Hipsters can’t claim to have made any amazing discoveries in 2005, but it did feel healthy to go through the whole year without a hyped-to-death debut. It was a time for precocious youngsters to consolidate early gains and for veterans to return to form, return with a different focus or just return, period. What follows is a very personal list of favorite disks released in the past 12 months, including some that deserved the acclaim they received, some that are owed a little more than they got and one pleasant surprise: a rediscovery, decades late.
Sufjan Stevens belongs in the first category: People have had no shortage of nice words for this ambitious multi-instrumentalist and songwriter. And even if Mr. Stevens’ projected 50-album cycle (one for each state of the union) strikes some as hubristic and others as gimmicky, even if his second installment, Illinois (Asthmatic Kitty), doesn’t stray that far from the first (which was devoted to neighboring Michigan, after all), and even if (like this sentence) the overlong titles seem precious, Mr. Stevens’ talent can’t be ignored. He alternates clever historical wordplay with touching personal narrative and skips from Vince Guaraldi–inspired piano bounce to campfire banjo to shimmering Steve Reichian pulses, merging it all into one grand statement. Mr. Stevens’ voice ably conveys emotion, trembling on “John Wayne Gacy, Jr.” and resigned on “Casimir Pulaski Day.” On the latter he observes: “the Lord … takes and he takes and he takes.” Mr. Stevens, our aspiring indie-rocker laureate, gives and gives and gives.
Charting the geography of the heart, Jens Lekman, a young Swedish crooner, has written songs devoted to at least 50 girls that he’s loved and lost. On a compilation of EP’s called “Oh you’re so silent Jens” (Secretly Canadian), he sings of buying a wedding ring for Julie, of wanting to feed Emily beer and pancakes, and of admiring many others who remain nameless. Mr. Lekman sets his romantic foibles to homemade-sounding pastiches of chiming guitars and sampled bits of other people’s tunes (ranging from 60’s baroque rock to British new wave and beyond). He spends a lot of time pining pensively, but he also knows that laughter and a memorable melody are good ways into a woman’s heart—and onto a listener’s playlist.
Birmingham, England’s Broadcast, once a five-piece outfit now stripped down to two, continue to refine their mix of 60’s avant-pop and modern electronics. On Tender Buttons (Warp), they’ve replaced live drums mostly with metronomic machine beats, and they’ve pushed synthesizer atmospherics further into the foreground. The prettiness and warm tones of Trish Keenan’s vocal melodies offset the cool detachment of her sexy-librarian delivery. The album starts with an unsettling, descending Lydian scale (also used in the Jetsons theme song—just a coincidence?) and expands into a haze of fuzzy keyboards, skeletal guitars and throbbing bass: yesterday’s music of tomorrow today.
Outrageous Cherry came charging back with Our Love Will Change the World (Rainbow Quartz), which includes only one misguided jam among almost a dozen pop gems. Songwriter and producer Matthew Smith leads this long-underappreciated Detroit outfit—the best of the Motor City’s current crew of otherwise overpraised garage rockers. On this record, they’ve fused the sound effects of their more recent psychedelic meanderings with the concise, catchy hooks and jangly, overdriven guitars of earlier efforts. In his lyrics, Mr. Smith’s not pulling any punches, either with girlfriends (“You’ve Been Unkind,” “Why Don’t We Talk About Something Else?”) or critics: “What have you invented today? / A few half-truths to fill up the page / … It’s time to play the game of nothing to say.” Ouch.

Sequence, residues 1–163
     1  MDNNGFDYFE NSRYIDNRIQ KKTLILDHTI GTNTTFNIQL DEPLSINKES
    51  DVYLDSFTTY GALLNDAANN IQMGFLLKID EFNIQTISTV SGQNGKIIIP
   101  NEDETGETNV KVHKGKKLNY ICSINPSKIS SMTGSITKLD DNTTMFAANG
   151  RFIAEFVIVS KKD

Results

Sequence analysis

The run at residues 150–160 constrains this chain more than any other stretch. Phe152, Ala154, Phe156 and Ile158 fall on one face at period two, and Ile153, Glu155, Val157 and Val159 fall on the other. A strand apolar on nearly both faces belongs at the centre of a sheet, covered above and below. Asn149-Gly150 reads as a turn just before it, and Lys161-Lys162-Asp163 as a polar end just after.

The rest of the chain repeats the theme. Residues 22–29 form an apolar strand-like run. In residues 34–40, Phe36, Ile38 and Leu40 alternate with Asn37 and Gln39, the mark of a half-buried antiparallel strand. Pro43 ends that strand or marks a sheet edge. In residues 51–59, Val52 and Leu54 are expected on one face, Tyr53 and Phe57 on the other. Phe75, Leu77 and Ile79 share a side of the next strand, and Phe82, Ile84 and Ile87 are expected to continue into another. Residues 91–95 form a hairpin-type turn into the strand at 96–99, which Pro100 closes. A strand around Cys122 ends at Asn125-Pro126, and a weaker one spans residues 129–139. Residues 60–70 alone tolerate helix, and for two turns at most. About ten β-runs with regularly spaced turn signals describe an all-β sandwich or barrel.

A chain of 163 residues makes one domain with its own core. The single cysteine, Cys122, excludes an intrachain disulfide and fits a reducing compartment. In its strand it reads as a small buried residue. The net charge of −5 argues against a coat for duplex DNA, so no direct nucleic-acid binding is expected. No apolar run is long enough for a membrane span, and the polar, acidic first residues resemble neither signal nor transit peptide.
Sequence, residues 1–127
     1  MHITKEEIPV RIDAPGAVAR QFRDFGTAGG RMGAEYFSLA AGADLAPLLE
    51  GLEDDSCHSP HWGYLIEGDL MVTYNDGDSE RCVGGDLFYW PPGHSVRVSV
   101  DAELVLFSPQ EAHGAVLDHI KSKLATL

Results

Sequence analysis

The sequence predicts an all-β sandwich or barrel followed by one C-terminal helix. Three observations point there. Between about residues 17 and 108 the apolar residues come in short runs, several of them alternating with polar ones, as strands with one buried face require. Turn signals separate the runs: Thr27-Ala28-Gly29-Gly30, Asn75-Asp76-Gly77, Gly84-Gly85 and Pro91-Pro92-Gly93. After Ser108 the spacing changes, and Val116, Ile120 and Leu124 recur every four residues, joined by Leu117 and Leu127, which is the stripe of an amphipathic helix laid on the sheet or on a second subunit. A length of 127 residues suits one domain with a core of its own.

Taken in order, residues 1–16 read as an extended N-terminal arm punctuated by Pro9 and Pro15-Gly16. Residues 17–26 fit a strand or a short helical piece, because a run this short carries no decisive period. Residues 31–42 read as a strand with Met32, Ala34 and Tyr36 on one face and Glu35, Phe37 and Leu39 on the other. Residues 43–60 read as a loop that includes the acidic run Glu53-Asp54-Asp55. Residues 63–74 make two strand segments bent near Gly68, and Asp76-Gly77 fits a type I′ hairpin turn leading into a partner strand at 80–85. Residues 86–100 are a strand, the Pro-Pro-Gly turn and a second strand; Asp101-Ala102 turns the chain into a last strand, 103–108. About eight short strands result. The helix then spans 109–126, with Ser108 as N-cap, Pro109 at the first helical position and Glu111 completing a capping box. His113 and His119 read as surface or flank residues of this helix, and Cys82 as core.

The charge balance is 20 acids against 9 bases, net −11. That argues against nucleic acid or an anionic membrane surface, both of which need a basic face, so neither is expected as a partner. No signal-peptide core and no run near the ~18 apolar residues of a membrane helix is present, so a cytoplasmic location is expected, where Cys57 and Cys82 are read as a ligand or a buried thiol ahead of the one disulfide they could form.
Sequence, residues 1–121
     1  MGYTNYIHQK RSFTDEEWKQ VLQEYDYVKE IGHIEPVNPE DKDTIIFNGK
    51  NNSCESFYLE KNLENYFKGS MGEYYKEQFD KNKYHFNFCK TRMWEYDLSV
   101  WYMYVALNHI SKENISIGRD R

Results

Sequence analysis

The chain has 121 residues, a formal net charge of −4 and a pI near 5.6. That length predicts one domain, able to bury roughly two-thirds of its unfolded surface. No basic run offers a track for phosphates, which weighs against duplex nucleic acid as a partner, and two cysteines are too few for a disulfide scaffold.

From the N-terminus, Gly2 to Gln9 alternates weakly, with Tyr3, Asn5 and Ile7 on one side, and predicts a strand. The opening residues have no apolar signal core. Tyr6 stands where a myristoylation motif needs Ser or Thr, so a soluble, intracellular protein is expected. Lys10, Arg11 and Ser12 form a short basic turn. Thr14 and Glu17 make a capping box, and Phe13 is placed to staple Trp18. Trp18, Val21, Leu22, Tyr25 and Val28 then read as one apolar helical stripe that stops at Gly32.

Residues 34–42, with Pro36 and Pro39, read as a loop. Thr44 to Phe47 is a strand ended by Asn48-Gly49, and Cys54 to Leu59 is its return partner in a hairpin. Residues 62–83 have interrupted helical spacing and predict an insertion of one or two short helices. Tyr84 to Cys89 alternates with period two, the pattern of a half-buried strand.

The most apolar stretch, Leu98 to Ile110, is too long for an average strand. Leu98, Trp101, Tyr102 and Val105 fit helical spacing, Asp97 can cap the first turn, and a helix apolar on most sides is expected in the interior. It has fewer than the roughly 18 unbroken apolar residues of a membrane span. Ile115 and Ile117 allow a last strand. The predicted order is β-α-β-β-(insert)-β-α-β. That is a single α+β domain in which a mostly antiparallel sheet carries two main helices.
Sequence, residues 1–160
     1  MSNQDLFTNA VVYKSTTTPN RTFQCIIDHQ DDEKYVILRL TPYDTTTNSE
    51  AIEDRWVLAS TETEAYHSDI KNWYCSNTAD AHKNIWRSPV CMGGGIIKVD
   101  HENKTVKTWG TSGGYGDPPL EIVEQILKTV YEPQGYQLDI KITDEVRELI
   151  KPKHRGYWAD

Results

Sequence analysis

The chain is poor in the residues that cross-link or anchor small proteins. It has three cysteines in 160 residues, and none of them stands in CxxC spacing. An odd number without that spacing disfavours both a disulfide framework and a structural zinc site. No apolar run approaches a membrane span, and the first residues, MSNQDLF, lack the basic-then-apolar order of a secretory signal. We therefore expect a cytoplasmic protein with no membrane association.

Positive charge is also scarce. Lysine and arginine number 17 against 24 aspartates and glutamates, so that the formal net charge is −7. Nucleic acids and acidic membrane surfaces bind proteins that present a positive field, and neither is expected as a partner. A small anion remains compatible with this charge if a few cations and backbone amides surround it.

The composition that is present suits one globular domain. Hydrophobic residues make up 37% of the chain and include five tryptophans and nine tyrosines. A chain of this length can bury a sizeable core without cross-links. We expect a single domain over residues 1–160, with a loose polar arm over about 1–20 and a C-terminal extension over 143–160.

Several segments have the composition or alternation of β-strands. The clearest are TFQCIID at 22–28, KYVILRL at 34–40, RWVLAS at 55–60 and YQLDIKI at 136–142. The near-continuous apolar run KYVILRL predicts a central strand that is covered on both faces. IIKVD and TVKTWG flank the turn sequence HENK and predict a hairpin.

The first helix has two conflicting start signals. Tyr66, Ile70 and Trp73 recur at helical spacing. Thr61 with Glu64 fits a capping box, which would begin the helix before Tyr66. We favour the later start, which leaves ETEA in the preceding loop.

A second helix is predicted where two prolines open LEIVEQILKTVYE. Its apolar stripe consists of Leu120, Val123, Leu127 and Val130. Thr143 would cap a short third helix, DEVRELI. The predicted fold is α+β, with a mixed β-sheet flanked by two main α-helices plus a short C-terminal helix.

Quieter, but no less intense, is A River Ain’t Too Much to Love (Drag City), by Smog, a.k.a. Bill Callahan. In some ways, Mr. Callahan has come a long way from the sometimes abrasive four-track experiments of his first records. His 12th LP, a collection of pastoral acoustic tracks cut in Willie Nelson’s Texas studio, emphasizes gentle fingerpicking, soft-brushed drums and slow waltzes. But he still relies on simple chord progressions and stark guitar figures that gain force by sheer repetition and subtle elaborations. And his intimate confessions can still creep you out and make you pause: “Skin mags in the brambles— / for the first part of my life, I thought women had orange skin,” he sings on “Drinking at the Dam.” The sound of Mr. Callahan’s self-administered therapy has gotten prettier, even if the content hasn’t.
There was more than one dramatic comeback in 2005—Mr. Callahan’s label mate, poet/songwriter David Berman of the Silver Jews, emerged from the darkness of attempted suicide and serious drugs with the forceful Tanglewood Numbers. But Vashti Bunyan’s reappearance was like a fairy tale: Her sophomore LP, Lookaftering (DiCristina/FatCat), has come out 35 years after her debut, which most of the world ignored. Ms. Bunyan’s musical career was rescued from oblivion by the zeal of hip acolytes like Devendra Banhart and Joanna Newsom (both of whom play a little on Lookaftering). If, as Ms. Bunyan sings, “indifference is the hardest ground,” newfound attention has covered it with a soft blanket. These lullabies feature dulcet folk guitars and piano, embellished with gorgeous string arrangements and touches of oboe, recorder, English horn and glockenspiel. Her voice may be too delicate and breathy for some (when she hums, she sounds like a flute), but it seems much more genuine than her young followers’ mannered warblings. Vashti Bunyan’s music is the perfect salve if your heart was broken at the Renaissance Fair.
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